Equity markets started the final quarter of the year slightly on the up as encouraging macroeconomic data led to a sharp fallback in risk aversion. But then came Friday’s US job figures, which dashed all hopes of a hiatus in the Fed’s tightening process.

Bond yields are back at highs after easing considerably. The US 10-year yield was ultimately stable over the week, clocking in at 3.88% after previously ebbing to 3.55%. The US 2/10-year spread remained at around 45 basis points (bp). As we can see, the inflationary outlook is keeping yields high.

In the oil market, following the announcement by OPEC+ that it would be cutting daily output by 2 million barrels, WTI rose from below USD 80 at the end of September to above USD 92. Brent crude oil recovered by nearly USD 10 to trade at USD 98.

Against this backdrop of economic turmoil, the US labour market has started showing signs of slowing down. Initial jobless claims for the week ending 1 October advanced to 219,000, exceeding the forecast 204,000. Further to that, the number of job vacancies at the end of August fell to 10,053,000 from 11,170,000 one month earlier, showing that the slowdown in US economic growth is beginning to impact companies. In contrast, non-farm payrolls (NFP) for September, released on Friday, remained strong at 263,000 versus the 255,000 expected. The addition of 288,000 private-sector jobs was also announced last week versus the 275,000 expected, while the unemployment rate remained at its low of 3.5%. All these figures late last week drove fears that monetary policy will continue in its current shape and form.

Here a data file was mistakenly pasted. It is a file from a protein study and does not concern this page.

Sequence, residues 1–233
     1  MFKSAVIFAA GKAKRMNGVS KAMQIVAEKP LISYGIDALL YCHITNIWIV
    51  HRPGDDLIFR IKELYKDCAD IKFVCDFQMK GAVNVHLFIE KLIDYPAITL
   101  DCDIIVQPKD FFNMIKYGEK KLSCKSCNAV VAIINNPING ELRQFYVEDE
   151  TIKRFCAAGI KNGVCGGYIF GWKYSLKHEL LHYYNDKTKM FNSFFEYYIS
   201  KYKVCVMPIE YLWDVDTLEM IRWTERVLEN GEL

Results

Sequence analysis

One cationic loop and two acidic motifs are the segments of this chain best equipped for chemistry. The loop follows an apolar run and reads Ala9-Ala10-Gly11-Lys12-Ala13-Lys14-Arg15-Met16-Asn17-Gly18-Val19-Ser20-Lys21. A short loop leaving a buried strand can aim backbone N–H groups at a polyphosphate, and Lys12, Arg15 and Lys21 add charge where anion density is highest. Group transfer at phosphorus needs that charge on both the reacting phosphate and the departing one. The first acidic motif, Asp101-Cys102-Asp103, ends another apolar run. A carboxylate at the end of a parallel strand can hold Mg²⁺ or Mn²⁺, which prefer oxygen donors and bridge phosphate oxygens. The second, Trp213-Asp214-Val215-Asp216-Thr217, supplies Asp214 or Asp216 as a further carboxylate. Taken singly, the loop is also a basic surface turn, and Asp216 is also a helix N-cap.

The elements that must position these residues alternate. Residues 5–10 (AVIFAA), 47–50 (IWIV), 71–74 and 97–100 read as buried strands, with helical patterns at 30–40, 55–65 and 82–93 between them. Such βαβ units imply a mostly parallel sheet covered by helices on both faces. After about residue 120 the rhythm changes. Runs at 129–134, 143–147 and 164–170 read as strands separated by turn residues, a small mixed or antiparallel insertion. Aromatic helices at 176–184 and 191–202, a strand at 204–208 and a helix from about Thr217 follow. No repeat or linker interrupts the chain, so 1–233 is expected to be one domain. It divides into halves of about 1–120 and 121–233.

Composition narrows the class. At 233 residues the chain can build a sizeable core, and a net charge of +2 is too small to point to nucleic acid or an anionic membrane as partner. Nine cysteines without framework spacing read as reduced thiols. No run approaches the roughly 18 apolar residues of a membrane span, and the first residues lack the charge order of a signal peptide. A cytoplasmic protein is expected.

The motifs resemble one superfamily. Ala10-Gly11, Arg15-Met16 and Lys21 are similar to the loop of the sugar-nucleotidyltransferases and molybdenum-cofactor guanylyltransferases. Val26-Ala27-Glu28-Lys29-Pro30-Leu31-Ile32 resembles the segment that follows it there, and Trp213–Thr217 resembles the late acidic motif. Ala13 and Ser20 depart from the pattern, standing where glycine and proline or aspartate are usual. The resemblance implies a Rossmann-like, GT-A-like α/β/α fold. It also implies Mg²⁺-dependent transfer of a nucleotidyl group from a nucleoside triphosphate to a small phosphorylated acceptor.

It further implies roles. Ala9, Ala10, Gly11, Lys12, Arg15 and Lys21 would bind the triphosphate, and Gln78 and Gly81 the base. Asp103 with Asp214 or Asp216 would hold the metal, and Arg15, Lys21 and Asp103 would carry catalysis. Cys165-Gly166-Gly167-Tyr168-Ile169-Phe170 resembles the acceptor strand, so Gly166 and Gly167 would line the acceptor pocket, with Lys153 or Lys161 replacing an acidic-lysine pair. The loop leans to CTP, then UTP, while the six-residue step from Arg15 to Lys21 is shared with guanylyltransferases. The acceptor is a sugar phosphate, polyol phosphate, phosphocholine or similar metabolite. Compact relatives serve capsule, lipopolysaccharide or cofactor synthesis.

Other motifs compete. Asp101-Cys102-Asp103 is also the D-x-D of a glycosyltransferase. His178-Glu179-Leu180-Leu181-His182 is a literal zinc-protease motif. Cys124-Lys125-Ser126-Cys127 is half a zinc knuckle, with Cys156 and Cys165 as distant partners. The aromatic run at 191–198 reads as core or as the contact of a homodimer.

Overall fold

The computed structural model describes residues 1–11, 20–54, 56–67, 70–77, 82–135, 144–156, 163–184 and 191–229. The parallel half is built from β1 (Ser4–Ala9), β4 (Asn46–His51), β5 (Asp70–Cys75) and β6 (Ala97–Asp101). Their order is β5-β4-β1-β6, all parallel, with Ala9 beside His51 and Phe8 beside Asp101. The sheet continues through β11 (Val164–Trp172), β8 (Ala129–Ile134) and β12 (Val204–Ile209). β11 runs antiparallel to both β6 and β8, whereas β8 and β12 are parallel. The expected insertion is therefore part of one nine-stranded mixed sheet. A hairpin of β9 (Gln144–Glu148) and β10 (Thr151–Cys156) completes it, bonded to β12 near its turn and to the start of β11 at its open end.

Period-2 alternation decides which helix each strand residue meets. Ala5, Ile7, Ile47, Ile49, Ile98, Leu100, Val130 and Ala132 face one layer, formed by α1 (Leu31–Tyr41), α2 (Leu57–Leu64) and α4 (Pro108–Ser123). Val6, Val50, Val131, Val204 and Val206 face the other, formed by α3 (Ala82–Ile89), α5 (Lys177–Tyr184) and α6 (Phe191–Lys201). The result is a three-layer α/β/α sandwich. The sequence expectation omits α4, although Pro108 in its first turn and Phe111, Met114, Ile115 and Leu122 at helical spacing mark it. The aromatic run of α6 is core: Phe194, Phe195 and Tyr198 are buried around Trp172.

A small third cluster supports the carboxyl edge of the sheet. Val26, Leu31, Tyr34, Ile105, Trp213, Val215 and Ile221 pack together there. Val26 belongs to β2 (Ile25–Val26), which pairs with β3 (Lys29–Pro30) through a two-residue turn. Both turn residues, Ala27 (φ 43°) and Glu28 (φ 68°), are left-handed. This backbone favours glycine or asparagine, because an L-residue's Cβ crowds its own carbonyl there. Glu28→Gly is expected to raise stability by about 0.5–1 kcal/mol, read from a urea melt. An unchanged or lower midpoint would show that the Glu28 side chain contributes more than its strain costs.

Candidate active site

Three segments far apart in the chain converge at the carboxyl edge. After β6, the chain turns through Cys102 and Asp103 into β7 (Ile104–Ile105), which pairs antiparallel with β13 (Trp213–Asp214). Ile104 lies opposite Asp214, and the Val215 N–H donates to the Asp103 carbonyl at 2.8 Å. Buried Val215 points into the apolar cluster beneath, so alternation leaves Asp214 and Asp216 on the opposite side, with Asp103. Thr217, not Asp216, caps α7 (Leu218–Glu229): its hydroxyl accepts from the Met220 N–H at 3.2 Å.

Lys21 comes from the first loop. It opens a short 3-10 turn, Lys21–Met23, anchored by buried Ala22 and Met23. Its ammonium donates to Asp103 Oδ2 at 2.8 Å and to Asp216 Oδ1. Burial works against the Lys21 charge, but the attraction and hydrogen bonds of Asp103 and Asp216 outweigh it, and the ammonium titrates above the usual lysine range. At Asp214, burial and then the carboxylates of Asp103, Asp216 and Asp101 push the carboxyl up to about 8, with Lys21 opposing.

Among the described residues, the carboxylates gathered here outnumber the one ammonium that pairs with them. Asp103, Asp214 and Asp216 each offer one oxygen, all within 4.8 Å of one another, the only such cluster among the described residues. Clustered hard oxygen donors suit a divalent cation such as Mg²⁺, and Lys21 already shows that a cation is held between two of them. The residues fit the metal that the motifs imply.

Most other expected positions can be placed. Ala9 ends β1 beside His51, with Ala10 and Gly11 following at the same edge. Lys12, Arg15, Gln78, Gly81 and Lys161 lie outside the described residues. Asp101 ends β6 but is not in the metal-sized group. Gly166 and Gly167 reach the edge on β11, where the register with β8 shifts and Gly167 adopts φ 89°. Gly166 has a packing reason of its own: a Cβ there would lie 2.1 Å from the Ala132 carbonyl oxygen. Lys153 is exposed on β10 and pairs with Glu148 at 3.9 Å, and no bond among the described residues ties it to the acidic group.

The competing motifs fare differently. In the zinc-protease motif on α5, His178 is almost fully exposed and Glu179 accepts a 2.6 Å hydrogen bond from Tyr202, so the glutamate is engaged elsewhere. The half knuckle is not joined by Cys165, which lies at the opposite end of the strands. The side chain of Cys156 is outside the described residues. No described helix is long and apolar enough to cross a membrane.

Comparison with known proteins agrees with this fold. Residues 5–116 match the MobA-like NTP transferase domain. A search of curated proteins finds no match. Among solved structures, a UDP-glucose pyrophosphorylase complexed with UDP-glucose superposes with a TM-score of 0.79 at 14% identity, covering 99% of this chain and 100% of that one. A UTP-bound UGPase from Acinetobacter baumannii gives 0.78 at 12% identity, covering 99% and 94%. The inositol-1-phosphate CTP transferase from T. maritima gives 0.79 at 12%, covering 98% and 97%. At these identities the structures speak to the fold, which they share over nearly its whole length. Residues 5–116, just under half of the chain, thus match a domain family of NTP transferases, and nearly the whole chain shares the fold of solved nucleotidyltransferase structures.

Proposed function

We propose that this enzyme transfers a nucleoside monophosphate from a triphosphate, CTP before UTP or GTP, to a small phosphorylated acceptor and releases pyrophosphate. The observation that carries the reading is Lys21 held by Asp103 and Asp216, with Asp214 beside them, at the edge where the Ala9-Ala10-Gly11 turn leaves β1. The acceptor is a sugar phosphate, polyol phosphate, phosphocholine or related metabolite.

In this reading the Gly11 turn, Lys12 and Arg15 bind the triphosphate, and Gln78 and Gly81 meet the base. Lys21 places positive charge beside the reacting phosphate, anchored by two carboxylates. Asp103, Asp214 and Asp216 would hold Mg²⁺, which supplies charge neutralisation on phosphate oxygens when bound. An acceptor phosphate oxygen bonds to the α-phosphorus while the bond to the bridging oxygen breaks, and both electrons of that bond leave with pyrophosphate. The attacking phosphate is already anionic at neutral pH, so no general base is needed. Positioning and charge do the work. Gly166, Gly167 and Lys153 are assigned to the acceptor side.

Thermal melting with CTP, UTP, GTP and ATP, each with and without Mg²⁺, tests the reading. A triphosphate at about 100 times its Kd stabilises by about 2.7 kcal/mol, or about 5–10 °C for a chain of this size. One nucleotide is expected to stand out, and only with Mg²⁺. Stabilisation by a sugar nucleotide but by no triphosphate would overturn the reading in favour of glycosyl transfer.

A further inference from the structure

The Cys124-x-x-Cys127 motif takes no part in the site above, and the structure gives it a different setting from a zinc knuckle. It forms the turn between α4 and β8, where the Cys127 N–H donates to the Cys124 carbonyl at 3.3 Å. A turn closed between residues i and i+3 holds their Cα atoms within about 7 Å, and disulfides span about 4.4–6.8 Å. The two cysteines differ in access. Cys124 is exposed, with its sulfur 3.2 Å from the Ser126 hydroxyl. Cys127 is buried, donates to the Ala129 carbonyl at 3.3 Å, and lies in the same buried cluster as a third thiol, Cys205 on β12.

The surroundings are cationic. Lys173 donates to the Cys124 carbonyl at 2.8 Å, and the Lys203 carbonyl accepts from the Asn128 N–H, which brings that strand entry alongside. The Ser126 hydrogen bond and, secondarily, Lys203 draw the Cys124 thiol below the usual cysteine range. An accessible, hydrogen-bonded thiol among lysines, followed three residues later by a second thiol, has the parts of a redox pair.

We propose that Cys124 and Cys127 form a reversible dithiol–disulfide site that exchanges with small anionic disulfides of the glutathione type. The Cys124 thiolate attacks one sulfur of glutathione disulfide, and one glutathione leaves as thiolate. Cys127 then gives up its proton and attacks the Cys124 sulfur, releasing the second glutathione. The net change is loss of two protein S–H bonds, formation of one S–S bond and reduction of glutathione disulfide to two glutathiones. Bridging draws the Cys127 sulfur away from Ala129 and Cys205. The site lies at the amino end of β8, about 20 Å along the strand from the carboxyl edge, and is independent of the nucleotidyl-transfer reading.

The ISM Manufacturing PMI for September clocked in at 50.9 versus the score of 52 expected. The new orders component gave up ground to stand at 47.1 versus the 50.5 expected. The services sector clocked in at a strong 56.7 versus the 56 expected.

In Europe, the manufacturing PMI for September dipped to 48.4 versus the 48.5 expected, as did the services PMI, which stood at 48.8 versus 48.9, amid the energy crisis and the impact on economic activity.

Volatility is expected to remain high in the short term. This week will also be marked by the release of a flurry of US statistics, together with central banker speeches and the release of minutes from the last Fed meeting. For equities, the upcoming US corporate reporting season might provide a little more visibility on the coming quarters.

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